A Care introduced the report to members. The report outlines information about projects the team are looking to run and how this will be funded and sustained. The money for this project was set aside many years ago for the Highfield Youth Club which did not materialise and was then used to create the Cycle Hub at Cupid Green. This is no longer running and so following on from what Ryan was saying about ant-social behaviour, the council are looking to provide activities for young people to engage in activities to support their physical and mental health. By doing this the council will be taking them away from anti-social behaviour from just hanging around in the streets and reducing pressure on statutory services such as community safety and PCSOs. There are a number of proposed activities and these are costed out in the report. Should this be approved the activities may change depending on changes in circumstances for Covid or other things that may come up. The Council has received some feedback from Adventure Playgrounds, DBC’s Hertfordshire Year of Culture officer, Herts Sports Partnership, APEX and also The Community Safety Partnership Team around the kind of activities that would be useful and interesting to young people across Dacorum. Champion Sports Leadership Course- Peer-to-Peer young people leading other young people, Theme Nights at the Hub, Flight Club darts and Bounce-table tennis were given as examples and that these were popular in London and would enable young people to experience them locally and not have to travel to London. A Care stated that the money would be used for the same activity area as it was originally intended for but the activities are going to be open to young people across Dacorum with free parking and an accessible bus route and on an adventure playground site which is already heavily used. Considering the sustainability of these activities and an understanding that this money is finite therefore there is an allocated budget for monitoring, consultation and evaluation to understand what is and isn’t popular and to gain some evidence to focus on what works and how to develop it for the future. There will be a minimal charge of £1-£2 and APEX will be doing this on a cost basis; this will be put into a pot to ensure the activities can continue.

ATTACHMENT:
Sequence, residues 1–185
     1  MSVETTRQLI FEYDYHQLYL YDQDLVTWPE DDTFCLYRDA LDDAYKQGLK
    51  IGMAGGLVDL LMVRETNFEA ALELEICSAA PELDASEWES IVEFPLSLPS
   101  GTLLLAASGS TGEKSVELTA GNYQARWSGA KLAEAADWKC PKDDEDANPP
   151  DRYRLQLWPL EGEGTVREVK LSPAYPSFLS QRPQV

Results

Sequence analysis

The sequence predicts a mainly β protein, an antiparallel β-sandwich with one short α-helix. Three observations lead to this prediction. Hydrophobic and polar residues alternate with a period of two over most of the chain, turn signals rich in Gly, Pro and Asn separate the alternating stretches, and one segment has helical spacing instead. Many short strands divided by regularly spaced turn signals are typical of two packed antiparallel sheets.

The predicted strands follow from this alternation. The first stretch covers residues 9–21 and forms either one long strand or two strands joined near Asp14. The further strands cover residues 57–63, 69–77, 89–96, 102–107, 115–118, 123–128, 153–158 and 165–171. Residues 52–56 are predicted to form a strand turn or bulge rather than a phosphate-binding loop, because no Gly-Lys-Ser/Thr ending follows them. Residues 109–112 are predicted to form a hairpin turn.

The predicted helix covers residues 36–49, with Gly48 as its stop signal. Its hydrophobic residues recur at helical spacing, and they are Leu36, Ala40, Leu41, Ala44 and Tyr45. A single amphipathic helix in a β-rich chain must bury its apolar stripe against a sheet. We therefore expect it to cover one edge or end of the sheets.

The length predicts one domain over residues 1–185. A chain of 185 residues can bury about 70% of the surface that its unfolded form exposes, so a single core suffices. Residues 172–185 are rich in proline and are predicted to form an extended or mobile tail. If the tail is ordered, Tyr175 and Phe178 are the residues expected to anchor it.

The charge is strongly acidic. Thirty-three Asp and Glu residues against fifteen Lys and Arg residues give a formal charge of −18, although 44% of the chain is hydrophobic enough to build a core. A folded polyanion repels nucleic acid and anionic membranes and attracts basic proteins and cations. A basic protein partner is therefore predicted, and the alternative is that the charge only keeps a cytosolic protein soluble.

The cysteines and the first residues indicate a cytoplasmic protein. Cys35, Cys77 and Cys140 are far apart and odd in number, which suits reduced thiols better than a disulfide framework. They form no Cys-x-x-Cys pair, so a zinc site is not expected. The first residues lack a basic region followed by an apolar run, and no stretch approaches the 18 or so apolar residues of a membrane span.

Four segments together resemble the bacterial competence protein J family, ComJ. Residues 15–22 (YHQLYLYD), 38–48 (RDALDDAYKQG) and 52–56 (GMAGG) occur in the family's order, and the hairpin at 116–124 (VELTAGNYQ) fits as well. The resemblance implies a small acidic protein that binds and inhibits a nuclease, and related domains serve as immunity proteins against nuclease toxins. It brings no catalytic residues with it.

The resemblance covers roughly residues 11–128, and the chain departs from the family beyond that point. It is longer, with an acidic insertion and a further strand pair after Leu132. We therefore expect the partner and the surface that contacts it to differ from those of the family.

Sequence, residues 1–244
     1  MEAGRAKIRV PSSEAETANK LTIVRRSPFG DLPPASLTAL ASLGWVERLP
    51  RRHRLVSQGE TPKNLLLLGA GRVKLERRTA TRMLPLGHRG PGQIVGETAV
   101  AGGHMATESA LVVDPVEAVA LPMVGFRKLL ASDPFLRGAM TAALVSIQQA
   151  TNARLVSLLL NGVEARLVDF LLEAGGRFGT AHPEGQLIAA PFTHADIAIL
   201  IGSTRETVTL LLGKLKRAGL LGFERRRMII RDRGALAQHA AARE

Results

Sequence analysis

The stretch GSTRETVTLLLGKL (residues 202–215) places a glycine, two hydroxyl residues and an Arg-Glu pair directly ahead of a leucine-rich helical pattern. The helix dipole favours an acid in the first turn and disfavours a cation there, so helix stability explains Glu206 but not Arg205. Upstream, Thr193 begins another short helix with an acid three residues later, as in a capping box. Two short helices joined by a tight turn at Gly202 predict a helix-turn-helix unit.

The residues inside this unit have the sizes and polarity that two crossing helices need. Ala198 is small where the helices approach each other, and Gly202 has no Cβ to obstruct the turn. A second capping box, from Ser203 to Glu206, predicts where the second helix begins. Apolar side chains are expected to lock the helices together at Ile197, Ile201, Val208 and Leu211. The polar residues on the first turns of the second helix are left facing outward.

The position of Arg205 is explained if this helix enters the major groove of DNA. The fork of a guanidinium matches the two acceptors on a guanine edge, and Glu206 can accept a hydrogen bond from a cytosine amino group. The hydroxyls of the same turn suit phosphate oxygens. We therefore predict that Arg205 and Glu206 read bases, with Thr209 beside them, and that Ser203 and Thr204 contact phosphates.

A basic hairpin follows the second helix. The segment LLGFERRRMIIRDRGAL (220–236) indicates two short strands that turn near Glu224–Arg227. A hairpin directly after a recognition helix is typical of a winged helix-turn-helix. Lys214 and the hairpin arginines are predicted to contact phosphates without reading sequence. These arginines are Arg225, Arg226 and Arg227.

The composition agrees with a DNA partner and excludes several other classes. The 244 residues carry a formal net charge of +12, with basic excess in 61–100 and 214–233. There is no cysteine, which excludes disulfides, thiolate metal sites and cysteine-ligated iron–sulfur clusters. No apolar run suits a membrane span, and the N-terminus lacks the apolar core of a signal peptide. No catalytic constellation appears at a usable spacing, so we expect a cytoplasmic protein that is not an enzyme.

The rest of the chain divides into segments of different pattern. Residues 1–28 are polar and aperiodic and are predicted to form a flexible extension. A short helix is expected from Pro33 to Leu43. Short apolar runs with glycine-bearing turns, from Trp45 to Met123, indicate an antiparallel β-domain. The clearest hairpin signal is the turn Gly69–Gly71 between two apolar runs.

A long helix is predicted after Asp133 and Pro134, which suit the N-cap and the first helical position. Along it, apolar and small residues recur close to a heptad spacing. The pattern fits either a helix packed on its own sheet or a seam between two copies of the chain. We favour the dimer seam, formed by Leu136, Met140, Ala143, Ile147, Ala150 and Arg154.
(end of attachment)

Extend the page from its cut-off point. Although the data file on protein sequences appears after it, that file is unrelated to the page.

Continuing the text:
Councillor Adeleke said he thought this was an excellent initiative and he was a hundred percent behind any projects that support the youth in the community. However, he had a number of grave concerns. Starting with the historical background Cllr Adeleke and asked why the Cycle Hub moved out of Grovehill and why the original project in Highfield became unviable this will allow us to make comparisons on what is going to happen in future. He added that the project was designed to plug the gap for young people aged 11-16 during weekends, evenings and holidays but he did not feel there was an adequate explanation as to what this  ...  view the full minutes text for item 69.